He who learns must suffer, and, even in our sleep, pain that we cannot forget falls drop by drop upon the heart, and in our own despair, against our will, comes wisdom to us by the awful grace of God. - Aeschylus

Sunday, August 31, 2014

Fair Questions: How Did Religion Help Us Survive?

For some who take an evolutionary perspective on humanity while at the same time taking a rather dim view of religion, it can seem strange that religion would persist with the strength with which it has persisted in human social groups.  After all, the fact that our brains appear to be "wired" to believe in strange agencies external to ourselves doesn't get us to religion, though it might get us to various conspiracy theories.

So our biology would certainly appear to explain our tendency toward conspiracy theories about lizard people, evil spirits, or the Illuminati and so on.  But what explains, from an evolutionary standpoint, the social institution of religion, whether at a tribal level or the level of an international empire?  We could appeal to the notion that religion provides shared values which can unite otherwise disparate social groups and thereby shore up the sorts of bonds that allow these groups to maintain the shared identity necessary for seeing themselves as part of the same group and functioning as such to maintain the integrity of the group against outside forces competing for their resources.  This might explain emperor worship in various places throughout history.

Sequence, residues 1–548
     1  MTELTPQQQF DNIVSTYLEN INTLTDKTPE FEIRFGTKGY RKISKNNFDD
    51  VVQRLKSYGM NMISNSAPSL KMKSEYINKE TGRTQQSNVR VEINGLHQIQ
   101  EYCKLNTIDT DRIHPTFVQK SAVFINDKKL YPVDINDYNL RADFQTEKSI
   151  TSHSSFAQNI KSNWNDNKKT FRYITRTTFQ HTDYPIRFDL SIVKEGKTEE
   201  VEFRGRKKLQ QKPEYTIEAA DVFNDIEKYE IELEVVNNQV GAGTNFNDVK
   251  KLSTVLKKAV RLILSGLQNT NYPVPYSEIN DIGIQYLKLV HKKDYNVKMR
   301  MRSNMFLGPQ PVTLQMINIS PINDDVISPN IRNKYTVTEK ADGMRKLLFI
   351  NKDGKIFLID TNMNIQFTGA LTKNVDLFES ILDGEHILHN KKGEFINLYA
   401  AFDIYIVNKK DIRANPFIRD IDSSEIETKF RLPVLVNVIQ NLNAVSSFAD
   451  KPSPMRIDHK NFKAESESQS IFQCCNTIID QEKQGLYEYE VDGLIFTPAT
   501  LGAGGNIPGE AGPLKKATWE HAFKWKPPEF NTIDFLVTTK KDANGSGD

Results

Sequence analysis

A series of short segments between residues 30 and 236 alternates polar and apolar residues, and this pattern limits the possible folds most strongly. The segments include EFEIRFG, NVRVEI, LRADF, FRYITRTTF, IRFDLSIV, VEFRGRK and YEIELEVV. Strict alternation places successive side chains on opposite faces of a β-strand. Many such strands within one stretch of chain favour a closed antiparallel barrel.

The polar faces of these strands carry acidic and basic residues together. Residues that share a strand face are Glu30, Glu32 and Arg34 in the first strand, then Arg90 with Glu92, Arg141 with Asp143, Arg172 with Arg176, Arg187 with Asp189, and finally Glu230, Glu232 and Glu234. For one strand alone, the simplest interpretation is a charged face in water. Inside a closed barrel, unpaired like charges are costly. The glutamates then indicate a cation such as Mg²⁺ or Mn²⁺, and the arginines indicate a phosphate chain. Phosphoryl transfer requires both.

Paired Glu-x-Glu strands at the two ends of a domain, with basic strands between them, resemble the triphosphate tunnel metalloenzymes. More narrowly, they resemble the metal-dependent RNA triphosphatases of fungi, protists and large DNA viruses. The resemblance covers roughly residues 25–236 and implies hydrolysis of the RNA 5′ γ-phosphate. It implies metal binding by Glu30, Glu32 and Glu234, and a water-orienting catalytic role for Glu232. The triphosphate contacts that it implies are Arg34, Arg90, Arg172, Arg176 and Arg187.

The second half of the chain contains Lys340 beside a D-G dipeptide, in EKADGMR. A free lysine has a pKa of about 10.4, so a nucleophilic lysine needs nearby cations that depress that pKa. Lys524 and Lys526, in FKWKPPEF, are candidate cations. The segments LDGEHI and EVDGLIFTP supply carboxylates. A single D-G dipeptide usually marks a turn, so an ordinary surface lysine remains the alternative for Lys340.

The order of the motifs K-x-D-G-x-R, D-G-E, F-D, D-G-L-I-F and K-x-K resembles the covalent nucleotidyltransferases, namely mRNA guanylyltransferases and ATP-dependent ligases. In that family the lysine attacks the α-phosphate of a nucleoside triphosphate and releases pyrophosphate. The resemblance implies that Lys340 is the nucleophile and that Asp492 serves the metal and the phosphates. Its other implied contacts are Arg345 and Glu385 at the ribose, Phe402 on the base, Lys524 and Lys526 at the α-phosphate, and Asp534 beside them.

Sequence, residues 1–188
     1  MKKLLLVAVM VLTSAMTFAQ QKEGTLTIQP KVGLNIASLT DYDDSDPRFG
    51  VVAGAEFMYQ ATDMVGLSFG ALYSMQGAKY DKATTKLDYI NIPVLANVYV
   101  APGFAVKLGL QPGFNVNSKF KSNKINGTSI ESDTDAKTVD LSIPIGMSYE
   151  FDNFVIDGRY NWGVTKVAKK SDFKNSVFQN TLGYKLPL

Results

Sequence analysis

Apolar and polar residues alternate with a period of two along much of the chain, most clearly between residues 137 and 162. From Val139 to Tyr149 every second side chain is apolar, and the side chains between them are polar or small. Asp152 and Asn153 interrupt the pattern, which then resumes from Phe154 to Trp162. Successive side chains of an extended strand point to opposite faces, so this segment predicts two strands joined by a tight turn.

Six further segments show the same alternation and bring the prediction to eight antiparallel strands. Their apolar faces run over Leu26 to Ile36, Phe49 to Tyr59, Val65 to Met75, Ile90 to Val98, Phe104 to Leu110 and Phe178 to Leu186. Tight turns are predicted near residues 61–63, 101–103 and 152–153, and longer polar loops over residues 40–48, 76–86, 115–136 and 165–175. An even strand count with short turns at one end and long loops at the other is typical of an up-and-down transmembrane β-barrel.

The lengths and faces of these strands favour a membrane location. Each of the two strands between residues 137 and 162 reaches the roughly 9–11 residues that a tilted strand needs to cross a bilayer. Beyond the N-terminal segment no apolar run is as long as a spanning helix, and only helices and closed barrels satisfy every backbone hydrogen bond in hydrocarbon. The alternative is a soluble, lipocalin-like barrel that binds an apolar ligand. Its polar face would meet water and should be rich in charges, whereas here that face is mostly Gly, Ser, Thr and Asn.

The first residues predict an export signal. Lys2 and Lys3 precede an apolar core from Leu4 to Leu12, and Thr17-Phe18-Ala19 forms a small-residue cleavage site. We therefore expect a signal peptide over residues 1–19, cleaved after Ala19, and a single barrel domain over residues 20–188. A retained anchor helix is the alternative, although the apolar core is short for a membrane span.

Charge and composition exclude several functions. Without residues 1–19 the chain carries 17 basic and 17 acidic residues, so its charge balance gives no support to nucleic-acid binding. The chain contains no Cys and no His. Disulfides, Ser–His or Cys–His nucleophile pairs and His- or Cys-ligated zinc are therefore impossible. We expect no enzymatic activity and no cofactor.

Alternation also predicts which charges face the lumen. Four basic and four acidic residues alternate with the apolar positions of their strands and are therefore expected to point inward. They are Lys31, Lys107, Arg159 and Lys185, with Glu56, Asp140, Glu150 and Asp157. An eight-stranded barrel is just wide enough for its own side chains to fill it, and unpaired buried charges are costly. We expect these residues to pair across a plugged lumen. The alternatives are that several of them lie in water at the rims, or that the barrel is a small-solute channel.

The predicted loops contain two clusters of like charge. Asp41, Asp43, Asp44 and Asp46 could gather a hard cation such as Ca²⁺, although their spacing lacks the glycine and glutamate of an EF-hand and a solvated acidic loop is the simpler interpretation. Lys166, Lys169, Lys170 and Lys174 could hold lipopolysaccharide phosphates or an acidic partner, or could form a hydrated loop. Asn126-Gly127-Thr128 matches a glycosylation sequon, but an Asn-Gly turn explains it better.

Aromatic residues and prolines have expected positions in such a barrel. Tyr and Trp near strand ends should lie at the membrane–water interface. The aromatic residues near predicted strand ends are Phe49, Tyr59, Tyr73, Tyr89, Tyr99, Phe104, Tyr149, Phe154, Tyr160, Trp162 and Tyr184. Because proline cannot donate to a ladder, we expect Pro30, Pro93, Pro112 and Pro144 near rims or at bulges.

And that's really not a bad explanation, as far as it goes.  But what explains the complex eschatological theology and assigning all sorts of superlative attributes to deities?  Those don't seem necessary to social coherence.  We might suggest that it is a comfort to people who are suffering and grieving to think that a superlatively important being cares about their problems and is looking out for them in some fashion, perhaps sending them to a pleasant afterlife.  This too, has its limits, quite aside from the fact that far from all religions have deities with superlative attributes. 

If it were merely a matter of psychological comfort that allows us to continue to function under pressure, then why would we have horrifying hell dimensions as a standard part of religious eschatology?  It might make sense as a psychological comfort if it were exclusively used as a tool to tell ourselves that those evil people will get what was coming to them, but we often find that people are afraid of going to those hell dimensions themselves.  Doesn't that put them under more psychological pressure and potentially impair their chances at survival?  Wouldn't we expect that such a damaging thing would have been naturally selected out of human religious belief long ago?